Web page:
Author(s): Brown HM, Trzaskowski M, Zavos HM, Rijsdijk FV, Gregory AM,
Abstract Share this page
Abstract Anxiety sensitivity is a risk factor for emotional disorders. The structure of anxiety sensitivity was examined using phenotypic and genetic analyses. Self-reported anxiety sensitivity was measured at three time points from adolescence into young adulthood by 2651 individuals from the G1219 twin study. Confirmatory factor analyses revealed comparable statistical support for anxiety sensitivity models consisting of three or four dimensions across all time points. The three-factor model depicting Physical, Social and Mental anxiety-related concerns was favoured due to greater interpretability and parsimony. Multivariate quantitative genetic analyses supported a hierarchical structure with general genetic (.09-.61) and non-shared environmental (.39-.72) influences acting via a higher-order factor as well as dimension-specific genetic (.09-.21) and non-shared environmental (.23-.68) influences. The findings provide further evidence for a hierarchical structure underlying different dimensions of anxiety sensitivity. Copyright © 2012 Elsevier Ltd. All rights reserved.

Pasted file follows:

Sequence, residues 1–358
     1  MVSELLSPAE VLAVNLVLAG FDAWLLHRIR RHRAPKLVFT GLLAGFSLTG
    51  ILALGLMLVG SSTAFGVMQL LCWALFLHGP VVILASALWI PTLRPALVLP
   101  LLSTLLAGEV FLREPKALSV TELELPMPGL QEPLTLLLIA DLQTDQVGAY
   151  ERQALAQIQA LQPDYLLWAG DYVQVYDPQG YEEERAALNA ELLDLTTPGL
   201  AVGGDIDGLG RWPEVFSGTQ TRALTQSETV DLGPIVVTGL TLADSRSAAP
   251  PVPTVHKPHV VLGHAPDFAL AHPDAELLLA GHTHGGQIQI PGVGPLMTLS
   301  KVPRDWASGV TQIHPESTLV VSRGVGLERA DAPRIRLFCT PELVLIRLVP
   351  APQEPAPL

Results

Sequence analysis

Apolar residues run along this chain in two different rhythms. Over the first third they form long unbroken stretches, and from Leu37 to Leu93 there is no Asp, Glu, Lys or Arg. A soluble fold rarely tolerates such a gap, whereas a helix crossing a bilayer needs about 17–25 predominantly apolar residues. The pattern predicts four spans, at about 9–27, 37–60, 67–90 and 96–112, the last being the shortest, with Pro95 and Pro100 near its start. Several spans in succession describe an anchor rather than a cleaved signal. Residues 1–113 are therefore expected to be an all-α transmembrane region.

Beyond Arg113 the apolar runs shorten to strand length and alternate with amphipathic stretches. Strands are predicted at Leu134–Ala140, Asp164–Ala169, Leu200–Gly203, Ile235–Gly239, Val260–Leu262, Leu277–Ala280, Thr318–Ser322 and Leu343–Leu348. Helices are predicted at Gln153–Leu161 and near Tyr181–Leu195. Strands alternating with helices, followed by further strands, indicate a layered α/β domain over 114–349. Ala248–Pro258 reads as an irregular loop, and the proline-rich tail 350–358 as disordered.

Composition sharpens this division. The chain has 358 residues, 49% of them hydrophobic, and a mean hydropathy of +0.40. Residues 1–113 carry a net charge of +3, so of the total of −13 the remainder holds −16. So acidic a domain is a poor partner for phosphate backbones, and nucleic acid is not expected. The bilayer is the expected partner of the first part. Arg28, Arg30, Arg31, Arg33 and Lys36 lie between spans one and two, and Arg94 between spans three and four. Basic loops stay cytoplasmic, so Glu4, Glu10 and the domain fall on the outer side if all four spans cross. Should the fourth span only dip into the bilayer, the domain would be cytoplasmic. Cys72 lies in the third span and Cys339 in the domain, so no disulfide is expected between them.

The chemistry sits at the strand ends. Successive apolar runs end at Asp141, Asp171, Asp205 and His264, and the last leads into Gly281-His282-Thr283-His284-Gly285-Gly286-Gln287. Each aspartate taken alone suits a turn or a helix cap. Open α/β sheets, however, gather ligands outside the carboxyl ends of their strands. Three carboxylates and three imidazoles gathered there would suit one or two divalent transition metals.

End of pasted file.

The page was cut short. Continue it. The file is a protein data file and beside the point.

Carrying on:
This article was published in J Anxiety Disord
and referenced in Journal of Genetic Syndromes & Gene Therapy